3.1 Hard and soft factors
As a starting point, one aspect of change management that is useful to consider is the distinction between the so-called hard and soft factors of your organisation.
- Hard factors are generally easier to define or identify and are directly influenced by management. Examples of these include strategy statements, organisational structure and reporting relationships, formal processes and IT systems.
- Soft factors can be more difficult to describe; less tangible; and more likely to be influenced by history, tradition or culture. Soft elements can have equal or even greater impact than hard factors on the success of a change effort. Examples of these include leadership and communication styles, organisation values and norms, and individual and team competencies and skill sets.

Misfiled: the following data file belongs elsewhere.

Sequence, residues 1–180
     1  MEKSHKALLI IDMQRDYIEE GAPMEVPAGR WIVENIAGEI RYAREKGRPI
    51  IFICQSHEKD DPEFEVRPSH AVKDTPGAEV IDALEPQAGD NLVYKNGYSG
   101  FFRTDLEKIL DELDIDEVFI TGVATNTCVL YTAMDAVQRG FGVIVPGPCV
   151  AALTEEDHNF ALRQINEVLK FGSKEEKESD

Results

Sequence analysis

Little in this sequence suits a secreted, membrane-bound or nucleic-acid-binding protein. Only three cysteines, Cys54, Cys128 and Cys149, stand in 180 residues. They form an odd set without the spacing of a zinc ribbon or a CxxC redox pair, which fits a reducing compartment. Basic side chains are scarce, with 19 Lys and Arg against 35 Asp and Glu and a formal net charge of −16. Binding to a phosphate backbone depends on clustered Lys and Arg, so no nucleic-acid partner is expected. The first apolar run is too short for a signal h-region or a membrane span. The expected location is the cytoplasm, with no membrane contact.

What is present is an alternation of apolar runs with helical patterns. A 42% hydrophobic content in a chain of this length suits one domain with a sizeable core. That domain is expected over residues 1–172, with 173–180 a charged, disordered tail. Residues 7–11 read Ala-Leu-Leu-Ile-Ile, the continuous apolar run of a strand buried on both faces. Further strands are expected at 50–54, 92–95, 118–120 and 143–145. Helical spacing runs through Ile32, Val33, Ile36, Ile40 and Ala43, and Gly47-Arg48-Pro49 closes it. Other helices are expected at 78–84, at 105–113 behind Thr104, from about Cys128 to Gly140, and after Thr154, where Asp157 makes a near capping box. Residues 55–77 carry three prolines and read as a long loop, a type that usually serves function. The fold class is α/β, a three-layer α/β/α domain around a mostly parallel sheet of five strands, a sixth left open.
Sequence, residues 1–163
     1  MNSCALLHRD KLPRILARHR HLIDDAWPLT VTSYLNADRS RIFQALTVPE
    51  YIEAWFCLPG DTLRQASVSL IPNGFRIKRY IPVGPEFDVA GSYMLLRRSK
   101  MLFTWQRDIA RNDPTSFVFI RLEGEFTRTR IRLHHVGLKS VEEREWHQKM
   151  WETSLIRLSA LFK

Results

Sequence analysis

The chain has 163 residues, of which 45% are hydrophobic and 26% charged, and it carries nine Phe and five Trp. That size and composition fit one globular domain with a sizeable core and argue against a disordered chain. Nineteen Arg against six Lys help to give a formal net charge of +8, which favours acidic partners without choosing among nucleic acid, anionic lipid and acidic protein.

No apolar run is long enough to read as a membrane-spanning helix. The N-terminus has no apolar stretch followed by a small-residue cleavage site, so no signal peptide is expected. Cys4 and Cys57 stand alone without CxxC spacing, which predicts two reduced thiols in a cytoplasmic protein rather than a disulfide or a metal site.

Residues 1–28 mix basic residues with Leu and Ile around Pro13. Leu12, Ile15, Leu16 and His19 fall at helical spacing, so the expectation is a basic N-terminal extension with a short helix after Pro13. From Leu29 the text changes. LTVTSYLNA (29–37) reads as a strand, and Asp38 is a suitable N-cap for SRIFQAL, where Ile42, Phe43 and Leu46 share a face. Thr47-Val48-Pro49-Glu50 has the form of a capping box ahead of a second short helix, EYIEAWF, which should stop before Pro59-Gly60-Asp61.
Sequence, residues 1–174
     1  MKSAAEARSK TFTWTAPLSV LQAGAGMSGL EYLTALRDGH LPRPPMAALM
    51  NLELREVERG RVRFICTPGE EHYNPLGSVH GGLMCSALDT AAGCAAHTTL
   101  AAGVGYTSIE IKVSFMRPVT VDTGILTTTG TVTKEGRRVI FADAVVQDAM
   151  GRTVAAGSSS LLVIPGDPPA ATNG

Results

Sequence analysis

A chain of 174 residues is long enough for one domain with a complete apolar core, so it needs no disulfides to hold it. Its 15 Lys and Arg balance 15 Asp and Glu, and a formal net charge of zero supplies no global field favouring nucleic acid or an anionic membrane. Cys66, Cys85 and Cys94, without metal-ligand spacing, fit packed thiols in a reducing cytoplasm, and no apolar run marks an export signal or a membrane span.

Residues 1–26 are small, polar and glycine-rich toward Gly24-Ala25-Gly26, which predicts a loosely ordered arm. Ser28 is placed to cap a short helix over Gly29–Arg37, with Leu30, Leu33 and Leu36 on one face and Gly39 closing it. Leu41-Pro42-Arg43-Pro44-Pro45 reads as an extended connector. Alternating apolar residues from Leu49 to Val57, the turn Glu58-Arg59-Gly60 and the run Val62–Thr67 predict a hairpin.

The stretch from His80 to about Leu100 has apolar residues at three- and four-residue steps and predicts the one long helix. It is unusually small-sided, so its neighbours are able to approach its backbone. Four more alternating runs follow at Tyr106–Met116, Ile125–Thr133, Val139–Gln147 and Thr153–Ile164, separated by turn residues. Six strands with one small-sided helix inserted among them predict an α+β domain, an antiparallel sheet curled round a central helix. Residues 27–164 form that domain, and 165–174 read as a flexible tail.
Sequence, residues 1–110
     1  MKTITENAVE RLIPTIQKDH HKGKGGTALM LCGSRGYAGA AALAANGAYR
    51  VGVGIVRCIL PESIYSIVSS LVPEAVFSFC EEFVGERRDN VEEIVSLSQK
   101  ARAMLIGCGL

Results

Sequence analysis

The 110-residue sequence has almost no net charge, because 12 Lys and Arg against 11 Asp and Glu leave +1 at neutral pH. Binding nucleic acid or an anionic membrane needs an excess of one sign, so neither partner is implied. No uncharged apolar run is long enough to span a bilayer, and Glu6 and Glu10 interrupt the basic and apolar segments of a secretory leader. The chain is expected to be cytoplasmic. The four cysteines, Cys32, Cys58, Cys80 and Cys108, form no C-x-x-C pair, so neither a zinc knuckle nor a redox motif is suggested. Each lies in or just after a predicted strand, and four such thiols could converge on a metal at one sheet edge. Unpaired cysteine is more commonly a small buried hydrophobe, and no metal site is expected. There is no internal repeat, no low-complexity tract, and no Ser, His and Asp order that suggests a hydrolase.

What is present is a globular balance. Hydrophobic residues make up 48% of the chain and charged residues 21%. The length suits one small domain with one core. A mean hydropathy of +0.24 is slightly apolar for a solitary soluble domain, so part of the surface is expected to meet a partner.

Implementing a change initiative will involve an element of project management, and it useful to understand the boundaries to ensure that you are focusing on delivering change and not just managing a process. The video below explains the difference.
Transcript: Video 4 Change management vs project management
Change managers, therefore, are an essential role for all change initiatives; they are the champions of the change, and their primary focus should be the outcomes required. The video below, What does a change manager do? (CMI, 2021), provides a useful overview of the role of the change manager.